How to Clear Mental Cache? | Reduce Mental Clutter

A step by step guide goes to reduce the redundant information that takes up headspace

If we look back at our journey over the past five years, reducing clutter in our lives and in our minds was a step by step process. It wasn't always easy for us to keep moving forward on this journey, the easy thing usually is to let the clutter rebuild but we reckon the path would have been easier if someone has given us a route map like this one. 4 sequential steps to reduce mental clutter.


STEP 1:  Start with your goals.

Over the years, we have watched eight envy people wiser than us layout their goals with great clarity. Our goals don't always have to be profound live goals hinging upon our family or our careers; they can be practical goals, such as saving money for retirement or becoming the best drummer in the country or training to become a marathon runner, Whatever they might be goals are the foundation of mental decluttering


STEP 2: Prioritise.

For most of us, if we don't write things down, the chances are hight we will forget that action point. But suppose, you were to say that your goals are not profound but mundane, that you are trying to achieve something as practical as sat, buying a flat or getting a well-paid job or finding a life partner. How should you prioritize? Such that once you have rejected an option, that option never reappears, we need to decide when to stop lo9oking and grab the first heat option which appears thereafter. The answer to these sorts of problems is usually 37 percent.


STEP 3:  Use checklists for planning and execution.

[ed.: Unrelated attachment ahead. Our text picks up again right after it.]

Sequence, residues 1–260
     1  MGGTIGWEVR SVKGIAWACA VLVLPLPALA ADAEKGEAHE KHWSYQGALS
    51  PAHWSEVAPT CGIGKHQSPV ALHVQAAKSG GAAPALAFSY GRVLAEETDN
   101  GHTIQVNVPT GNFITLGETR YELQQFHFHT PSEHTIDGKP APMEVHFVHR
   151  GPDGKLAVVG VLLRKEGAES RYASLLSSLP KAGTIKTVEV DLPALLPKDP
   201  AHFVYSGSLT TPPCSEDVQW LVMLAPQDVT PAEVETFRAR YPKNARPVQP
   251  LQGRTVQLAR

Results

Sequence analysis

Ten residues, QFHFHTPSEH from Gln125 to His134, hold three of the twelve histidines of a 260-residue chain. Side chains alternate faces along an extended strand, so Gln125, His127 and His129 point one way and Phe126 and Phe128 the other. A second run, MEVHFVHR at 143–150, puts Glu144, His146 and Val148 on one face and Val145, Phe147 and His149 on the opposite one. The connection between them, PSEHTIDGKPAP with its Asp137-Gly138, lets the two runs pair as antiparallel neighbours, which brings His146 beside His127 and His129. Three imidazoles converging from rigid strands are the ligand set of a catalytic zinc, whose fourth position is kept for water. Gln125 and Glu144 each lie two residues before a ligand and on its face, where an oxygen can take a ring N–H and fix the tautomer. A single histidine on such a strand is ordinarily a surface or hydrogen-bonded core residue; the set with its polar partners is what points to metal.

A 'do confirm 'checklist allows more freedom to complete tasks from memory before consulting the checklist. Once the task is completed, a checkpoint occurs and at this juncture, the checklist can be consulted to confirm that no tasks have been overlooked. The second type of checklist is 'read-do'kind. These checklists are more like recipes you start by reading each item on the list, then you complete it before moving on.


STEP 4:  Reduce the time spent on a smartphone. 

Given that many professionals now end up having to do fifty to sixty hours weeks (including commuting time), if over and above that you are spending any more than a couple of hours a day on your smartphone, it will be hard for you to think straight.

Radically reducing the time spent on the phone is the first step toward developing greater clarity of thought. Three different books 'Deep work, Focus, and Peak point in the same direction' are the books content that if you want to come up with simple but powerful insights you have to specialize and focus, focus on deliberative practice, focus on relative thought. 





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